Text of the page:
92nd American Meteorological Society Annual Meeting (January 22-26, 2012)

Monday, 23 January 2012
Optical Autocovariance Wind Lidar for Atmospheric Research
Hall E (New Orleans Convention Center )
Sara C. Tucker, Ball Aerospace & Technologies Corp., Boulder, CO; and C. Grund, T. Delker, M. Adkins, B. Good, P. Kaptchen, and D. Gleeson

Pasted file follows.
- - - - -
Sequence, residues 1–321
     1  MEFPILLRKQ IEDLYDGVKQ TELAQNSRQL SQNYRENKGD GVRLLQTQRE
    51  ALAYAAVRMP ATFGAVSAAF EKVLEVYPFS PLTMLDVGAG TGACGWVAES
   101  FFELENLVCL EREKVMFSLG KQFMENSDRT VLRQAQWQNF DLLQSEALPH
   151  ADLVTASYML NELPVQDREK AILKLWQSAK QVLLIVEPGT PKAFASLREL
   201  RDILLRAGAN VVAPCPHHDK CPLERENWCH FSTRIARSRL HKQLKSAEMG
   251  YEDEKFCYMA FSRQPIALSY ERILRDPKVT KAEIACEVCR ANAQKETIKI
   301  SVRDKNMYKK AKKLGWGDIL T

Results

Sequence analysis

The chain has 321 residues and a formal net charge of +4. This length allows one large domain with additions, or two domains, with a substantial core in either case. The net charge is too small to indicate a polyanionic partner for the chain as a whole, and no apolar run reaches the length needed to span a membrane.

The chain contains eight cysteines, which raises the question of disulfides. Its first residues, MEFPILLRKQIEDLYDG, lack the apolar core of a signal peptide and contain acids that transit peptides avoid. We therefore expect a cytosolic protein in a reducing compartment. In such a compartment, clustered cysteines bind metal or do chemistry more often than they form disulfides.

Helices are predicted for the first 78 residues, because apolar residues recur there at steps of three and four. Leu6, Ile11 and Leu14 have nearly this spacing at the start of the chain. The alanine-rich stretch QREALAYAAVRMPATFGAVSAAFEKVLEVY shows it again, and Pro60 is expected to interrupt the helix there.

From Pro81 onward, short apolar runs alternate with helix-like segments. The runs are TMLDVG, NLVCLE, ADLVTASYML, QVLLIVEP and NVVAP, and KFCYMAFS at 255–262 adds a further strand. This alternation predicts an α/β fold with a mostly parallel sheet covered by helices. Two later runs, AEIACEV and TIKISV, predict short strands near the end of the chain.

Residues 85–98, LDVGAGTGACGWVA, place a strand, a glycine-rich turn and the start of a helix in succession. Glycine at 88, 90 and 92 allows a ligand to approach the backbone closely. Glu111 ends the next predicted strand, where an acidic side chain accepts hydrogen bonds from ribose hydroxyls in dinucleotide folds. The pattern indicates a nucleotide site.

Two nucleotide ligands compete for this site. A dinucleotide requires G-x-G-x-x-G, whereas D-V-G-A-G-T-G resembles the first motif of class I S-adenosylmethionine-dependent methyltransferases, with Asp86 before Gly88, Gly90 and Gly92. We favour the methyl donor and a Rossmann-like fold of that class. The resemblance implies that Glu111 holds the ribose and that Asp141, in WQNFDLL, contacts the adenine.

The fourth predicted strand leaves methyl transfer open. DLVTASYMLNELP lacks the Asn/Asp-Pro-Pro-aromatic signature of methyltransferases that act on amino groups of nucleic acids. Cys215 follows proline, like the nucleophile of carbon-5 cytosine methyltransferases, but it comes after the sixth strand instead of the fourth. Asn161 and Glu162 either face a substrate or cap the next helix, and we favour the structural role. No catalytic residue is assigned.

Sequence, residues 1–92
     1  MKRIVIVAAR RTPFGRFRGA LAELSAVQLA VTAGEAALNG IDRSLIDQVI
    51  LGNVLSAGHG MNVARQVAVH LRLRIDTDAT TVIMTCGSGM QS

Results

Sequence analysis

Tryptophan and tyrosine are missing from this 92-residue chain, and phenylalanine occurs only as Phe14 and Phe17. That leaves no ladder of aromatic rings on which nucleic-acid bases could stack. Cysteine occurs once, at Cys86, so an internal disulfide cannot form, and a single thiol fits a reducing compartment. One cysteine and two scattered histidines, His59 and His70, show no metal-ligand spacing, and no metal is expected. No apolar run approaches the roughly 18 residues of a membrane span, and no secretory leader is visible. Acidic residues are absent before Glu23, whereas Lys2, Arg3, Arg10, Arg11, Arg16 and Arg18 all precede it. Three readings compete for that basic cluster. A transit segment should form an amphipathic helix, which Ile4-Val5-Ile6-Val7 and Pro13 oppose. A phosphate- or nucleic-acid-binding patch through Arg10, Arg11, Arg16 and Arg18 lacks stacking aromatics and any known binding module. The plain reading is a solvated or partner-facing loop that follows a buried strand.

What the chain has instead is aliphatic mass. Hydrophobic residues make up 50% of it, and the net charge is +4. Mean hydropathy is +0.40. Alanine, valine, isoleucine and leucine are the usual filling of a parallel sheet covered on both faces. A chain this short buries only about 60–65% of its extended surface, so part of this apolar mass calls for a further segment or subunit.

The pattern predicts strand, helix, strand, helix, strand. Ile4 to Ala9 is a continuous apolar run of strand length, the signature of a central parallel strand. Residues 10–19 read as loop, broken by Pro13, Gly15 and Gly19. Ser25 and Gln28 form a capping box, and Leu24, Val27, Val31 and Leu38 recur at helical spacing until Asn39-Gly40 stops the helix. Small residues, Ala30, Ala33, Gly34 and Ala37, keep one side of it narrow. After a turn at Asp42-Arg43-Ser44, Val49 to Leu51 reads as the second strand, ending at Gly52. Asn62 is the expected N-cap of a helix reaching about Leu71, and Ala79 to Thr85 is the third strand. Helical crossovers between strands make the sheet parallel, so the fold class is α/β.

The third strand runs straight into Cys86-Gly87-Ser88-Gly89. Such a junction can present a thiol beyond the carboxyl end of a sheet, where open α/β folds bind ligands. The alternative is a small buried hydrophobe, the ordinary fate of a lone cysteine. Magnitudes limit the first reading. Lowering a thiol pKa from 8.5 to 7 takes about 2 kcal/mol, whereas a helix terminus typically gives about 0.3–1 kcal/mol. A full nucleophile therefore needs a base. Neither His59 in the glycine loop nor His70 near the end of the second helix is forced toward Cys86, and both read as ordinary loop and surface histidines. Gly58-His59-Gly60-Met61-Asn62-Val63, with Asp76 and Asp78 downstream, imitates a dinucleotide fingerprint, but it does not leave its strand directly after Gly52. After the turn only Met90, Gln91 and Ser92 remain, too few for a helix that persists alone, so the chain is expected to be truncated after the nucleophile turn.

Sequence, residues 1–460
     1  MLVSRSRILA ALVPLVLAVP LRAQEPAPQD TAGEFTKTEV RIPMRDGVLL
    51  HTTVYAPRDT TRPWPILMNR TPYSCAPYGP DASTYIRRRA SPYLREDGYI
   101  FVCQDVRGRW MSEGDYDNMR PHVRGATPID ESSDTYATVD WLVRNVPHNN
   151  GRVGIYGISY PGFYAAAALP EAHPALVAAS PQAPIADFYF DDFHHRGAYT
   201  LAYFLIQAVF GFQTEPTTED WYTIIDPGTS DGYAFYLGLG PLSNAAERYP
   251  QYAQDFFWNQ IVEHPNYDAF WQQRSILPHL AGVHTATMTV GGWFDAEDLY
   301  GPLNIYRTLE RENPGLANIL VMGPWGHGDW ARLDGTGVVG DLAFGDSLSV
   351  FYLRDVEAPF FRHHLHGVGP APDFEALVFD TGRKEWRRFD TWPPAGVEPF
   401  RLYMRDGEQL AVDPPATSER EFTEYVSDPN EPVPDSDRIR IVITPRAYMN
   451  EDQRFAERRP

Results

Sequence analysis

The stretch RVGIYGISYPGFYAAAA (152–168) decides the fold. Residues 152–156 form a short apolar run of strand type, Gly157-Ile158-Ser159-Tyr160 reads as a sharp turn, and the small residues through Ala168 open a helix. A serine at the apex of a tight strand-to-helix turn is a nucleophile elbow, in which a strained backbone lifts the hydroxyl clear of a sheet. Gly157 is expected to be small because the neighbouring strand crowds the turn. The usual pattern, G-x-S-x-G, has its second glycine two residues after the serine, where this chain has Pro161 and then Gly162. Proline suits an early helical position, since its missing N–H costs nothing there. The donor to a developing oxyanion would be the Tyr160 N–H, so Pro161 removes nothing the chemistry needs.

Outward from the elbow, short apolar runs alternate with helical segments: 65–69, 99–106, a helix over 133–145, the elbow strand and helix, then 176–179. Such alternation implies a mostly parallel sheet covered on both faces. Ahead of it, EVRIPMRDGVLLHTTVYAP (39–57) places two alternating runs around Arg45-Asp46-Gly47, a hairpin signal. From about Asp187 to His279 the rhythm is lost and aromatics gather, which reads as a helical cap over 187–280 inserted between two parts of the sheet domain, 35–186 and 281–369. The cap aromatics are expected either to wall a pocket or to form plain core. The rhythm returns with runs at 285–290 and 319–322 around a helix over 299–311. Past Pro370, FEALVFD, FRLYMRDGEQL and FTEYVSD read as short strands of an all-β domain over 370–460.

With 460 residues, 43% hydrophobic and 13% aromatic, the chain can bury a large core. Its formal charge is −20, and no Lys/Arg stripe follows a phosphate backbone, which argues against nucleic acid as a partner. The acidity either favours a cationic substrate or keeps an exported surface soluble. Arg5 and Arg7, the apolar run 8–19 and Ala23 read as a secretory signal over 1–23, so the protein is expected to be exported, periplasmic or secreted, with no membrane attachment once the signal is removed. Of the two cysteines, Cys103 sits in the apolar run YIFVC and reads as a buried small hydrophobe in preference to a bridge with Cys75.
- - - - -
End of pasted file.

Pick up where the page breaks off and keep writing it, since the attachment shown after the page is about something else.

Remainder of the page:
The use of Doppler wind lidars (DWL) for atmospheric research from ground, ship, and airborne platforms has increased with the number of available research and commercial DWL systems. Most of these systems implement either coherent (heterodyne) detection of aerosol backscatter or Fabry-Perot-based direct detection of molecular backscatter. We will describe the theory behind a new type of aerosol Doppler lidar, the Optical Autocovariance Wind Lidar (OAWL) and will present recent validation results from the Ball Aerospace OAWL system developed under the NASA Instrument Incubator Program (IIP) and internal funds. The OAWL currently operates at the 355 nm wavelength and is a key part of a potential path to an efficient, single-wavelength, space-based global wind observing system. Due to the flexible design, however, similar systems may be built to operate at multiple simultaneous wavelengths, thereby enabling the combination of wind measurements with high spectral resolution (HSRL) and/or differential absorption (DIAL) chemistry measurements for atmospheric flux studies.

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